Wake up and smell the coffee

Barbara Stefanska gave up her morning java ritual several years ago when medical reports hinted that it might not be good for our health. But thanks to her own research, she’s waking up and smelling the coffee again.

Stefanska, an assistant professor of nutrition science and a member of a cancer prevention group in the Purdue University Center for Cancer Research, is focusing her research on epigenetic changes to our DNA that occur from environmental exposures. Unlike genetic mutations, which can only be reversed through gene therapy, epigenetic changes — which don’t affect the underlying genetic code — can be reversed through simple changes like medications and diet.

A number of studies have suggested that bioactive compounds present in food and herbs can modulate gene expression. “My hypothesis is that these compounds can target epigenetic components in our DNA and in this way prevent disease,” she says.

Other recent studies have linked the consumption of coffee — caffeinated or not — with a decrease in cancer rates. While those lower rates have been found in a number of cancers, a particularly important one is primary liver cancer.

“People with cirrhosis have a very high chance of developing liver cancer, but coffee consumption has been shown to reduce cirrhosis,” Stefanska says. “And in this way it reduces the risk of primary liver cancer.”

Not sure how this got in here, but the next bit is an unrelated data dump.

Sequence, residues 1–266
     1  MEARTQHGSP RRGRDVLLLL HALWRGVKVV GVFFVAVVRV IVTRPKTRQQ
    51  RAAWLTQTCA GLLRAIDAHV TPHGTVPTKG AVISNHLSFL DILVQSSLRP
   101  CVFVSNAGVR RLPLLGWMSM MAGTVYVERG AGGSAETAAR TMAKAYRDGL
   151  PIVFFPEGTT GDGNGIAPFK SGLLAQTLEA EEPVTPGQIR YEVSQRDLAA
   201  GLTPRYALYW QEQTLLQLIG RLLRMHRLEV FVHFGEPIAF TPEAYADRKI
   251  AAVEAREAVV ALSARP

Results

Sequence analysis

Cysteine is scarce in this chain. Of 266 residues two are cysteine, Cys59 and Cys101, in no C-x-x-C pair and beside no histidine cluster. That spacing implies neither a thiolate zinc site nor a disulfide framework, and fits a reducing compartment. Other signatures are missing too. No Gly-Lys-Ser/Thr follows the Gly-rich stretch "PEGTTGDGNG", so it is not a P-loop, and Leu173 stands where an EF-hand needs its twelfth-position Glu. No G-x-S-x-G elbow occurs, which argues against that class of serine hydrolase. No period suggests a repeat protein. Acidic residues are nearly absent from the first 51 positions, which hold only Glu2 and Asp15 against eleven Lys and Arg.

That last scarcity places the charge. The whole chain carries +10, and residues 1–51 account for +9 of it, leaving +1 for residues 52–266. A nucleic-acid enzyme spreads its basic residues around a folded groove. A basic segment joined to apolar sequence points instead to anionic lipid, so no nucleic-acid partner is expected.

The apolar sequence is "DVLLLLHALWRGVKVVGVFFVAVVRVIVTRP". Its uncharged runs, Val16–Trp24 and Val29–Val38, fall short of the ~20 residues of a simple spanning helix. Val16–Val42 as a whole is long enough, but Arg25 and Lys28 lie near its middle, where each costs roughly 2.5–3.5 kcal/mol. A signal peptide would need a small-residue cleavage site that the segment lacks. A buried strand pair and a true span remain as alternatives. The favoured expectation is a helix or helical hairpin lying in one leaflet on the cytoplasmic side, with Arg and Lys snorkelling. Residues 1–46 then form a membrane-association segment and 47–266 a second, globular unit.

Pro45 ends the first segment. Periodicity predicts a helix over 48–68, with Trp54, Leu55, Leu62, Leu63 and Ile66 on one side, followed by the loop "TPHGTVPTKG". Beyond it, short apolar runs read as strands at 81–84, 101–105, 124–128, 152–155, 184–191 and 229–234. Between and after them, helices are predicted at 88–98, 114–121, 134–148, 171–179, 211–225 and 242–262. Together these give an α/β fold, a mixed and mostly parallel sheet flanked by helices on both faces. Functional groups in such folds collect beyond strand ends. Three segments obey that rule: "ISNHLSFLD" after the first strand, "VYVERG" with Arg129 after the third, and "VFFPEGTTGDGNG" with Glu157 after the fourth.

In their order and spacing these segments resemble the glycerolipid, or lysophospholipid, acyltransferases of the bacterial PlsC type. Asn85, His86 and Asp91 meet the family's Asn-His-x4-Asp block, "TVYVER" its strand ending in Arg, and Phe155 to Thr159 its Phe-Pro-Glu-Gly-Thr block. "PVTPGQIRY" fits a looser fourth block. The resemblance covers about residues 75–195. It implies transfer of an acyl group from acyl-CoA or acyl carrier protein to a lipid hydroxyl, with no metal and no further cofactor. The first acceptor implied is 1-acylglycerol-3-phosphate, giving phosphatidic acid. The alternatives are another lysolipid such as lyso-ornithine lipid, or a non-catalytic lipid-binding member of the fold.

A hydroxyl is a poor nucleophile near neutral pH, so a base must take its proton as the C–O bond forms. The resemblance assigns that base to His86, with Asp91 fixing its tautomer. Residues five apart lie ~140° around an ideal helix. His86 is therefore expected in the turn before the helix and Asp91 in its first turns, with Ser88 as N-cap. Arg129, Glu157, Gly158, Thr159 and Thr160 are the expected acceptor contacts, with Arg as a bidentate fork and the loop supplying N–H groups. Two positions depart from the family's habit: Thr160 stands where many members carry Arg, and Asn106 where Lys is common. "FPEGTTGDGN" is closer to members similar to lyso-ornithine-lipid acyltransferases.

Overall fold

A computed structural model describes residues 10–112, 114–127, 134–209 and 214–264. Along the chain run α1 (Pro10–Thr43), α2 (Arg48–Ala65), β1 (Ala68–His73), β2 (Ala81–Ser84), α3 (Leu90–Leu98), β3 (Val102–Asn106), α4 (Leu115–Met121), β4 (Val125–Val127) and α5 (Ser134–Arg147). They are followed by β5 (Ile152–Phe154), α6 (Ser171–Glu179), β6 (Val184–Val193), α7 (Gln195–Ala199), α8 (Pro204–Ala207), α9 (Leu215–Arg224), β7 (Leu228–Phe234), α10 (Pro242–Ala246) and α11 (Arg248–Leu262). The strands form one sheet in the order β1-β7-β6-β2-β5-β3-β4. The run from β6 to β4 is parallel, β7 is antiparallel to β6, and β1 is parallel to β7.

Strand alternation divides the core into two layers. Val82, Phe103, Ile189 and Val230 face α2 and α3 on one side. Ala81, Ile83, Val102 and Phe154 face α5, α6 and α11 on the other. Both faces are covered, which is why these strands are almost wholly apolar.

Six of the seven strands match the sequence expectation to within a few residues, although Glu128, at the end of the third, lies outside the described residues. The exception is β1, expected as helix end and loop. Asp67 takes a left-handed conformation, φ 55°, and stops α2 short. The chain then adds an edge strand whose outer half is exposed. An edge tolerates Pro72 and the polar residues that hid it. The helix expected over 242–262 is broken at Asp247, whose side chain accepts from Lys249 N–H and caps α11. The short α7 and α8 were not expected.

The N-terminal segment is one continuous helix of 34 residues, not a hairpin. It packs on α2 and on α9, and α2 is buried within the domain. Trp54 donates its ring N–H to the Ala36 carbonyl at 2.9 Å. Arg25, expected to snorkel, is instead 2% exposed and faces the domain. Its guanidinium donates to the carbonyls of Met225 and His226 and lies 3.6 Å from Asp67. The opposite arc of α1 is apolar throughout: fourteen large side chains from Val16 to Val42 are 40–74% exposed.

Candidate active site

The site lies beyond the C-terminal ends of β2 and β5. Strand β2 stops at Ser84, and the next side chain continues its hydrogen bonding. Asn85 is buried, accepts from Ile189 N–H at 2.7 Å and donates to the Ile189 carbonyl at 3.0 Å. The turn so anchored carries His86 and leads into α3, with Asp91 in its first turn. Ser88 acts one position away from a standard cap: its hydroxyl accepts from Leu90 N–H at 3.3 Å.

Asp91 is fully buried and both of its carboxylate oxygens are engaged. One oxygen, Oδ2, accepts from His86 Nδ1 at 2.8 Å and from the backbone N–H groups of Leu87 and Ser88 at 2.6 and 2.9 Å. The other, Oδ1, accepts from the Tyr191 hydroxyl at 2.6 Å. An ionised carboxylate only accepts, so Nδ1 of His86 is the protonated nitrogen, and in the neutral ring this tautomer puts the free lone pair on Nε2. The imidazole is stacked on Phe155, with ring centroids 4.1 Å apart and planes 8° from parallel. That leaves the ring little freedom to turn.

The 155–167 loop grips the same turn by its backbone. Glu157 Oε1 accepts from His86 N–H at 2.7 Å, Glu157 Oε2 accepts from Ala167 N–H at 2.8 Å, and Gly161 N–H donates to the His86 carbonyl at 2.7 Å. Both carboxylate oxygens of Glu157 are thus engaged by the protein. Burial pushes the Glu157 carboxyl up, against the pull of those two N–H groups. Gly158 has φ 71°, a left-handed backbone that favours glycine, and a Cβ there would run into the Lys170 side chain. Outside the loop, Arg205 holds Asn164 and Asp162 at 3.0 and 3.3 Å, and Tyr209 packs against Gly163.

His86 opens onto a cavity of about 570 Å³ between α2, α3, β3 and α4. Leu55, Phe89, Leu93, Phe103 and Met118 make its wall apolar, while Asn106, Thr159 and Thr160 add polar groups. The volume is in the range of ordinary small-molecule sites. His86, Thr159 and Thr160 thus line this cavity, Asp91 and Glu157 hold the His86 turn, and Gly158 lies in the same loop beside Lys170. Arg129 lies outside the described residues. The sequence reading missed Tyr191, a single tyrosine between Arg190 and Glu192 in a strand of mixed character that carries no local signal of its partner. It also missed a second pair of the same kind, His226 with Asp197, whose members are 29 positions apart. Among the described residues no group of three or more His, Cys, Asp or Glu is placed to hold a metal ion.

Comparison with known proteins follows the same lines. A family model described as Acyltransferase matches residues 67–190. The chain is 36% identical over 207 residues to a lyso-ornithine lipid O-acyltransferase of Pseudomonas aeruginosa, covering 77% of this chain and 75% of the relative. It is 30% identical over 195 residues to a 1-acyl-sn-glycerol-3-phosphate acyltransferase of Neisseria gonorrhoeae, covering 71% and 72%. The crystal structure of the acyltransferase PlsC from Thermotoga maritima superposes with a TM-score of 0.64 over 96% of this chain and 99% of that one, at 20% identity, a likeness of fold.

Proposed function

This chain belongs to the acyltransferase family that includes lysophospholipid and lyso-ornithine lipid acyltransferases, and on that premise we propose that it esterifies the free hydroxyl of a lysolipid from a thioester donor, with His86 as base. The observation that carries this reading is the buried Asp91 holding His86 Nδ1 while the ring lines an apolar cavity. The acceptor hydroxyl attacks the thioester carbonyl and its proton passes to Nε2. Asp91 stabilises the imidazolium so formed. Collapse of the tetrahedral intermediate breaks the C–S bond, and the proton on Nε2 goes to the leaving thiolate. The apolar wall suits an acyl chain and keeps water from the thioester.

But what about coffee makes it so special? Stefanska suspects it could be polyphenols, compounds with antioxidant properties that are abundant in plant-based foods. She’s investigating how the polyphenols chlorogenic and caffeic acids might delay cancer development and/or its progression by modifying the epigenome for the good.

Stefanska has found some confirmation that the phenolic acids help protect against cancer development. But the mechanisms aren’t clear. “So we need more evidence,” she says. If further research bears out, she hopes that polyphenols like phenolic acids can be manufactured into supplements that will be recommended by physicians for daily use.

“But I’m more interested in changing dietary habits,” says Stefanska, who drinks a demitasse of espresso most mornings before heading into the lab. “I want to study the natural compounds without any modifications to show people how the compound in this food is beneficial and why they should increase their consumption of this food or include it in their dietary schedule.”

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